The cradle of memories

I hope this letter finds you in good health. It has been a while since I saw your face. I have no complaints; I know we are oceans apart, and to frequent me will be quite troublesome. So, I send this letter in my stead, for you to read it at your leisure. 

The cradle of memories

Image Source: Freepik

Last month I received a letter when I was in Toronto that my son handed to me, saying, “Mumma! Here! A letter from Dadaji.” It was a letter from my father, and it read:


I hope this letter finds you in good health. It has been a while since I saw your face. I have no complaints; I know we are oceans apart, and to frequent me will be quite troublesome. So, I send this letter in my stead, for you to read it at your leisure.


Since your mother left me, I have succumbed to loneliness every day, and even a glance at our photos from when you were little moves me to tears. At this stage of my life, I need a reprieve from all these memories. I need to move on.

I rang up my lawyer and gave you whatever was left of mine. You are the only heir to our world. Bring it alive again; give it some colour in my absence. And keep the rocking chair. It still looks the way it did back in those days. I will take my leave to live in an old-age home. This new place has a great environment, and I will be able to make friends.

Visit me when you come back to Delhi.

Yours lovingly,

Babuli (Papa)

My Dadaji owned a rocking chair. It was his all-time favourite. After a long day, he used to sit back on this chair, roll a piece of tobacco, lick its rim, then burn one end and take a long drag from its butt. I would look at it carefully—to paint an image of him in all his exuberance—that man of few words would turn into a reporter on the news at nine, whose tongue would roll fluently without a mishap, or a woman in her forties who would chat away for hours with her neighbourhood friend serving all the latest tea soon after the second puff. He conjured up stories of his boyhood—of him climbing mango trees and sitting on their branches, then devouring the ripe mangoes; or when he won the hoop rolling race against his playmates and how he scared away the local ghost, who was but the local guard of the area, on his regular rounds while rocking his chair back and forth, along with the occasional drags. His experiences became my experiences; his adventures had become my adventures. That became the ‘cradle of memories.’

As the youngest in the family, I was the most adored and treated like a princess; Dadaji was the person to pamper me the most with everything from dolls, dresses and board games to books and even the little gleeful walks in the park. He was my moment after the ‘second drag’.

But our skits were the most entertaining! I would be the doctor, and he would be the patient. He would force his coughs and cry, ‘Doctor Ma’am, I cough a lot and have pain in my tummy’.

‘Have you had the medicine I gave you last time?’ I said with knitted eyebrows and a pouty mouth, barely seeing anything with my father’s big glasses on, which struggled to sit on my nose bridge. I caught him every time he had a snicker on his face at my plight.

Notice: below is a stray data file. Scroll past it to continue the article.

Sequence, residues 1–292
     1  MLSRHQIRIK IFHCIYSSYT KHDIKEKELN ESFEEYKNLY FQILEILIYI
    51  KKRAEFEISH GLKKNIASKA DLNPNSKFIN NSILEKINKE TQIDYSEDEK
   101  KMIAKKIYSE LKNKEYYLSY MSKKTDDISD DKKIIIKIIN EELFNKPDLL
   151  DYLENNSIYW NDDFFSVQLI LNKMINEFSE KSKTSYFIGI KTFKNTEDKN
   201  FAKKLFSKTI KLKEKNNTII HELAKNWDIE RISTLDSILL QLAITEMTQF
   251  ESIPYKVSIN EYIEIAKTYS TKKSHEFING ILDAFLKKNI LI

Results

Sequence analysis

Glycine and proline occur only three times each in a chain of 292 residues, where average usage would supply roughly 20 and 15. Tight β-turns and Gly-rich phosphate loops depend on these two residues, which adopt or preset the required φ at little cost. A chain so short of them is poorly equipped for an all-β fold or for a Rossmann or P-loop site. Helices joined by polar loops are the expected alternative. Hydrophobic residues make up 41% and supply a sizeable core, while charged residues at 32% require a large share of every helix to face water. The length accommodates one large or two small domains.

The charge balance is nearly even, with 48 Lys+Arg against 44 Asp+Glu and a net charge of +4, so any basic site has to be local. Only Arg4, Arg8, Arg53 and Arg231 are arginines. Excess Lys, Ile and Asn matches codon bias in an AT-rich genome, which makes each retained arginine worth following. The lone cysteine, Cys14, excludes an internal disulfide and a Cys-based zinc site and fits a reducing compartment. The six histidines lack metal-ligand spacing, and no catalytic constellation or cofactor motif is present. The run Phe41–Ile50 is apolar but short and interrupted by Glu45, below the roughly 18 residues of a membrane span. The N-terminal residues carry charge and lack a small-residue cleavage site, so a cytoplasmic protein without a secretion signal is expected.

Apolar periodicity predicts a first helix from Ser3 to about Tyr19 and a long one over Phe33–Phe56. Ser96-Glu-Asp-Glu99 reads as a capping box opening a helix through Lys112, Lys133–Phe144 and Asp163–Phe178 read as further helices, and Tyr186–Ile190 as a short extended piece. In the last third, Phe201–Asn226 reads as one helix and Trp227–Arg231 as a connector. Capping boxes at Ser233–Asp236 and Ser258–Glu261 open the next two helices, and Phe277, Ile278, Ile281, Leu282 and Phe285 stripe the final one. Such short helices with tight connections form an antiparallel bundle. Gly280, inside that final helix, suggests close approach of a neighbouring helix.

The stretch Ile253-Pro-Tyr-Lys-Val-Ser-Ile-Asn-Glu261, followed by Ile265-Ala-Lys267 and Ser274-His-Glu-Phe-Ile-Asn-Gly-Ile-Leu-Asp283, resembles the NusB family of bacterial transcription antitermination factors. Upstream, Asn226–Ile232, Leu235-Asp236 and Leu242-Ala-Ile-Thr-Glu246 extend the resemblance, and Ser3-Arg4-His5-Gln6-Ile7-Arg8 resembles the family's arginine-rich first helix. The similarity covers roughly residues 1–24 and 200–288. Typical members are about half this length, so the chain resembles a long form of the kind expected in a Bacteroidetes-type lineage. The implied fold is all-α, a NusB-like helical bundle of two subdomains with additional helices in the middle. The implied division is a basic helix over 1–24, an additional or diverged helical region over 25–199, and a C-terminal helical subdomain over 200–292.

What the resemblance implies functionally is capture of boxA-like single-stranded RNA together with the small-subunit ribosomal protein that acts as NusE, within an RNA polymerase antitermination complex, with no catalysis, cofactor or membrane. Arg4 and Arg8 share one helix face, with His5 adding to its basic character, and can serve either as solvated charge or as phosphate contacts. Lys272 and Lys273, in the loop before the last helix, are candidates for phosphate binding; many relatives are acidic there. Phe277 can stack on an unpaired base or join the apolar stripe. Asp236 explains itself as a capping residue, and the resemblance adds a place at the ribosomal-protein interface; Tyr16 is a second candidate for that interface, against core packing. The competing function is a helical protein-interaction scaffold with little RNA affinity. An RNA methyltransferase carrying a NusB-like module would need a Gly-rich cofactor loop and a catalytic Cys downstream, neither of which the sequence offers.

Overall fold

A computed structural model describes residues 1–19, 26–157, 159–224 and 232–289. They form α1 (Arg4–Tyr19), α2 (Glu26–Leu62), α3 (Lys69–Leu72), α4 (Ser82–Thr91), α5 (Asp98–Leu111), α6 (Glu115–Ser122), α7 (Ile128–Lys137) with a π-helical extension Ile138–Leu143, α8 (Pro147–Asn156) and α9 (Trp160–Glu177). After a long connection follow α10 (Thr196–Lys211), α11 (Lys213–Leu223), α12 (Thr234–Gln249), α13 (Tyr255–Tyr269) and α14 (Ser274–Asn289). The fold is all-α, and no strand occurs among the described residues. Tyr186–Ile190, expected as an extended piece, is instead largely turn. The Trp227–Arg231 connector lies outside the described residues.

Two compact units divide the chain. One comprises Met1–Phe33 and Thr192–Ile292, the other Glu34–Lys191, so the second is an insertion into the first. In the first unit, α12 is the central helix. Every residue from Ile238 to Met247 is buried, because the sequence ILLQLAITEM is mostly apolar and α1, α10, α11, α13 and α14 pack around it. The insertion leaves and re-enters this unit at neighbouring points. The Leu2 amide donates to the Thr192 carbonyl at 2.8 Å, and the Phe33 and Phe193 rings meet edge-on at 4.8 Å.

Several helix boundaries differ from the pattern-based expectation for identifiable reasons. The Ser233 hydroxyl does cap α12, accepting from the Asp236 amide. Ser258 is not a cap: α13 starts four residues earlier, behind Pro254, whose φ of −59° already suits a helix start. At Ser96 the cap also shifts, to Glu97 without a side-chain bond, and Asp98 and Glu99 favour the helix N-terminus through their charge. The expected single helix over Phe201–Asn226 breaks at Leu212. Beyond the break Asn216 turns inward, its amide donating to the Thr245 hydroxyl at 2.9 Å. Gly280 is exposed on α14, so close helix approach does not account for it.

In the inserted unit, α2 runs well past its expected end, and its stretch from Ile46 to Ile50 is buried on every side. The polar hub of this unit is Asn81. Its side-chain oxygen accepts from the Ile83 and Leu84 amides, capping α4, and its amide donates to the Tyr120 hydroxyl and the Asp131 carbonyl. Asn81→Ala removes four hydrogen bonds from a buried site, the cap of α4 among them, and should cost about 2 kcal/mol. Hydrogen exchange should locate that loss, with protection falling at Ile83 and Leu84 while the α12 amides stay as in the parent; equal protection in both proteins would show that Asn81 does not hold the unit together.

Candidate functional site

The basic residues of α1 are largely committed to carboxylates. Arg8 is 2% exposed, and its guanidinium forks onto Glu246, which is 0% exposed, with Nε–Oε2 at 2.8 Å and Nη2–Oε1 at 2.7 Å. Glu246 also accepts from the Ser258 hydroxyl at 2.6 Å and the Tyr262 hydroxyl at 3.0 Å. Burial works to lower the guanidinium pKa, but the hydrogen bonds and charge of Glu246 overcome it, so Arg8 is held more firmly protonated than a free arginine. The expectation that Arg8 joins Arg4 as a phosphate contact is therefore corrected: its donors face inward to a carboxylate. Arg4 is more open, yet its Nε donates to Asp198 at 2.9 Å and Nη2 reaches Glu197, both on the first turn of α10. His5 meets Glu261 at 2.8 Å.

Then, with a flustered face (as red as a tomato), I’d diagnose him with cough and cold from hearing his heartbeat with my stethoscope, attempting to read his pulse with my little fingers, and prescribe him a digestive medicine (the only medicine that I had known) and loads of rest. He would give a note of ‘10’ with some cents on a piece of paper for my excellent consultation. After our games, he duly retired to his rocking chair, staring at the ceiling while taking his mandatory drag while muttering to himself…


I remember once, when I was five, the word of his visit would ring in the room hours before his arrival. I would sit waiting, stealing eyes from the books laid in front, to the door and the clock.

‘When will he be here?’

I used to plague mum every five minutes. A ring in the bell, and I would rush to open it only to find my father holding all my gifts and tricking me into believing that Dadaji had left the gifts and returned to Kolkata. Yet, his smug face would attest to Dadaji’s arrival, waiting to be behind the staircase with my loud:


Dadaji was in his chair the last time I saw him, sad and serious. He would look every bit the person he is when he wore that gesture alone—a man of unimaginable experiences and secrets that no soul would know. As the radio played, “I’ve loved, I’ve laughed and cried… I have had my fill…. of losing’ he listened to, slowly drifting away while I complained to him of the affair of my eyes with the chocolate ice cream that I had a glimpse of on my way to him. His eyes were lost; his face always exuded the same serenity that he carried to sleep upon the white cloth. A smile and closed eyes became the epitome of rest after a fulfilled life.

At the time of unpacking, in my den of reminiscence, I heard my son’s laughter as he rocked the chair back and forth. It was his first time in the chair my Dadaji owned. Touching the memories alive again. The rhythmic forward and back movement of the chair was so dear to me. Seeing him do so, it was as if I could feel him comfort my memories nestled in the cradle of time. I began to weep like a child once more.